Disrespect: Verbal abuse, bullying, blaming, shaming and reprimanding

Non-confidential Care: Unauthorized revelations and psychical exposure

Non-consented Care: Anything performed without adequate information or dialogue to enable autonomous decision making, or with undue pressure

Misinformed Care: biased, non transparent information given, which inhibits a woman’s ability to make an informed choice

Depersonalized Care: Inflexible application of policies or guidance, which fail to take into account of a woman’s individual circumstances.

Discriminatory Care: Unequal treatment based upon personal attributes (age, race, religion).

Abandonment of Care: Refusal to provide care due to inability to pay or birth choices (or any reason)!

Check out the Birthrights info on human rights in childbirth here

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Attitudes to Autonomy

Lastly, the following statement from a paper published in 2013 had me thinking about the impact of blame cultures within our maternity services.

“Both maternity care professionals demonstrated a poor understanding of their own legal accountability, and the rights of the woman and her fetus. Midwives and doctors believed the final decision should rest with the woman; however, each also believed that the needs of the woman may be overridden for the safety of the fetus. Doctors believed themselves to be ultimately legally accountable for outcomes experienced in pregnancy and birth, despite the legal position that all health care professionals are responsible only for adverse outcomes caused by their own negligent actions.”

The statement outlines how both midwives and doctors are happy to accept that the mother has the right to make any final decisions, yet they were under the impression that it was them a the practitioner who would be legally accountable for any adverse outcomes which occurred. This may be in part due to the nature of our regulatory and litigation systems, which can invoke a fear in practitioners that they will be ‘blamed’ in some way for any adverse outcomes.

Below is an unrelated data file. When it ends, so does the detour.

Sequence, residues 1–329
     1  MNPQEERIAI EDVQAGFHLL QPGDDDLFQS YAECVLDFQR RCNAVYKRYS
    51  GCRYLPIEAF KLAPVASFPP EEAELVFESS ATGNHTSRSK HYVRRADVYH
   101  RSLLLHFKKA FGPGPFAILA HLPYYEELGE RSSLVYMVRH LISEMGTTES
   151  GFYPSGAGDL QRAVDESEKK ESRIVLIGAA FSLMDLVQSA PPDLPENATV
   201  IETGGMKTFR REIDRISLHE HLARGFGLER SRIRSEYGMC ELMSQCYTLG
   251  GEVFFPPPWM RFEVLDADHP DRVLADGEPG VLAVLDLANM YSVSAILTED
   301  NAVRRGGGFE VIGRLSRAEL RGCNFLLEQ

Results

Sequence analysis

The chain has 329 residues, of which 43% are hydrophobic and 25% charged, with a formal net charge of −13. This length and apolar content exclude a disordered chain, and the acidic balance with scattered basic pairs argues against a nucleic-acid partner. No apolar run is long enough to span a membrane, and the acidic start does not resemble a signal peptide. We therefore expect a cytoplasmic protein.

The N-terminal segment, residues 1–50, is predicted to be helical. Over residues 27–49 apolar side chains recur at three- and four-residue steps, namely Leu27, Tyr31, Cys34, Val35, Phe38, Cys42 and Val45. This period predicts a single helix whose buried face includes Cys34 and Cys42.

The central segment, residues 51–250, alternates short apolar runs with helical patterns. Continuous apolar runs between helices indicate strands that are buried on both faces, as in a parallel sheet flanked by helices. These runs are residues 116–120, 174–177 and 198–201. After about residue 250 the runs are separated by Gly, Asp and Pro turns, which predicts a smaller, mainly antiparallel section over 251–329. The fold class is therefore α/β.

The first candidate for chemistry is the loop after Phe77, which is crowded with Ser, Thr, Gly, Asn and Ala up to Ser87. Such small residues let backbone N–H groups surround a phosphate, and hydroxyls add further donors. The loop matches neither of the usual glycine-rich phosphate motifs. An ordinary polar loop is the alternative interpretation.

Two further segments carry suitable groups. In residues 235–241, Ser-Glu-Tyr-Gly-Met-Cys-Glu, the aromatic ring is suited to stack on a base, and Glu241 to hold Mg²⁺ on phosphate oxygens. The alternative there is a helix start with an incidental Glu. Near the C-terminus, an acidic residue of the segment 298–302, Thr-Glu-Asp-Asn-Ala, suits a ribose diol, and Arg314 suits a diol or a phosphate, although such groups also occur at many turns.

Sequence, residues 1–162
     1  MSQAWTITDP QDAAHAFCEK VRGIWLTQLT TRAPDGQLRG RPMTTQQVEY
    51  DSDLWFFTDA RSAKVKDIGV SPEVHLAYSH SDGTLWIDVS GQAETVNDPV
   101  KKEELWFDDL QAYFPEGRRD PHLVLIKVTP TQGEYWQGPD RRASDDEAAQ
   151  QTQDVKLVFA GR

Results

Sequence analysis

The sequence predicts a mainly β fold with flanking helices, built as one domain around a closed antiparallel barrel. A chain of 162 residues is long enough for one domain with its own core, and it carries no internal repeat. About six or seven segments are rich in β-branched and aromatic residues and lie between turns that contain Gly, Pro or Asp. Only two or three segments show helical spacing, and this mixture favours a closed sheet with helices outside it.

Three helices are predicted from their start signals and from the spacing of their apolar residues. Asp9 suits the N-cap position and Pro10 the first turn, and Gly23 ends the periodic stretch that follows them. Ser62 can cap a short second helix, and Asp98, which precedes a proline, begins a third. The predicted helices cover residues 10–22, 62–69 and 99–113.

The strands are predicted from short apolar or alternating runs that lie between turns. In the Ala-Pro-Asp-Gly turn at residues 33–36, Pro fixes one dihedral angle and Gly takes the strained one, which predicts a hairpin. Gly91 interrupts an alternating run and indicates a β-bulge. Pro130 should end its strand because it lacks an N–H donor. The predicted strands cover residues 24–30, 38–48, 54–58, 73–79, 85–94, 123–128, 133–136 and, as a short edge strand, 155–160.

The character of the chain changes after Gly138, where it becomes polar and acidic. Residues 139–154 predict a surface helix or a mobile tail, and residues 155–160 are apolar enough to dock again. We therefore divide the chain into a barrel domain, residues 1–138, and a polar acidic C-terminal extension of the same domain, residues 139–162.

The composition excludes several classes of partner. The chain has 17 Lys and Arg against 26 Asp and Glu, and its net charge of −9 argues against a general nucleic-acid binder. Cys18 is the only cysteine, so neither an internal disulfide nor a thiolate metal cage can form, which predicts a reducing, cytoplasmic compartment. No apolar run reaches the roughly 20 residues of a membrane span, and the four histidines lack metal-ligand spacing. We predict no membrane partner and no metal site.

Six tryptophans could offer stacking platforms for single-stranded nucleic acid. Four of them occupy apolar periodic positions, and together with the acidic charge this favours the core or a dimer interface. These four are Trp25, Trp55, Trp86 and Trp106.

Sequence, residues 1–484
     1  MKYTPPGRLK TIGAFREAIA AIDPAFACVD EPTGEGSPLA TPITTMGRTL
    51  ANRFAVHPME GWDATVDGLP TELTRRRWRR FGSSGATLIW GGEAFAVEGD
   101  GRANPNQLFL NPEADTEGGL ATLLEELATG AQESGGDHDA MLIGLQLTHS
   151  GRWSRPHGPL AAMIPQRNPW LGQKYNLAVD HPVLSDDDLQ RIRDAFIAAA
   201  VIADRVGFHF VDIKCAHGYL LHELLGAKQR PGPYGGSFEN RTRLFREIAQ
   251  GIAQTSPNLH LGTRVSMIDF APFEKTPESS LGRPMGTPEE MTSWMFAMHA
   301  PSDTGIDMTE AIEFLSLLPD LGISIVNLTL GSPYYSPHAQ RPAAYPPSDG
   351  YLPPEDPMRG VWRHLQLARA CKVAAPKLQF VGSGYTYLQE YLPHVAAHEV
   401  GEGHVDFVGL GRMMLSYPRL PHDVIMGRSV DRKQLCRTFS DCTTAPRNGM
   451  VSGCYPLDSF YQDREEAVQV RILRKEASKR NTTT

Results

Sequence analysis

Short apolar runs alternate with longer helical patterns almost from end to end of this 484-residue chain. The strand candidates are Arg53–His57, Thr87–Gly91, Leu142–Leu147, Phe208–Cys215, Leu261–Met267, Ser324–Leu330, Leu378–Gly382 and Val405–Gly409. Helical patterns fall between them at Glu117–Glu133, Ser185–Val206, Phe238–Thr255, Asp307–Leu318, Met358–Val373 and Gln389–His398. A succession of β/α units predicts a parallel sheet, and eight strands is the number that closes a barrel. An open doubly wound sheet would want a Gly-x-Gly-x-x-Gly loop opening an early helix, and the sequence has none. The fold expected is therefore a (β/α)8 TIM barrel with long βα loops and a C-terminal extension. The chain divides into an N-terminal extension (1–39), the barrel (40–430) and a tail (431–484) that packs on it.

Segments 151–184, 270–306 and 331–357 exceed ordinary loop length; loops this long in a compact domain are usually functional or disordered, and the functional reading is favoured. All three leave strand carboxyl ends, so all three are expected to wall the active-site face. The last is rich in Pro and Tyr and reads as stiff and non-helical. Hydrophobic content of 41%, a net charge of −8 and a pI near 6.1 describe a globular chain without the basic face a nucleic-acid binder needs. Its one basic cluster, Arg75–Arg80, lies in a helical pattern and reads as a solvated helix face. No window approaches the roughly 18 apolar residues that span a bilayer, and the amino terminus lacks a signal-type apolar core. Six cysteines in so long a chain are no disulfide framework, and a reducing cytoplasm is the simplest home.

Yet adverse outcomes occur all of the time, in any case, and sometimes cannot be controlled. This is of course very sad…yet it is also an inevitable reality of some women’s childbearing experience. Nobody’s fault.

When women have true autonomy and the power to make their own decisions around childbirth, they also have inherent accountabilities in relation to the choices they make.

That is why it is more important than ever to make sure that we are recording the conversational dialogue that we are exchanging with women. Consent forms really have no use unless the information can be recalled and maintained. The law dictates that we must be open, honest and avoid influence in open discussion with women.

I personally believe that these conversations would be best recorded in digital format. See my paper on this here.

As always, it is the relationships we build with women that will always be the key to building trust, opening dialogues and beginning advocatory conversations which support women’s ability to make truly informed decisions. We must work in partnership with women and the wider multidisciplinary team in order to ensure that women can make the right decisions for them, and in turn take accountability for the decisions they make. We can only do our best in managing any situation to the best of our abilities as midwives (and as any other clinician). That is what we are personally accountable for.

Image result for human rights
(Image via http://hakam.org.my/wp/)

Until next time – Look after yourselves and each other  💛💙💜💚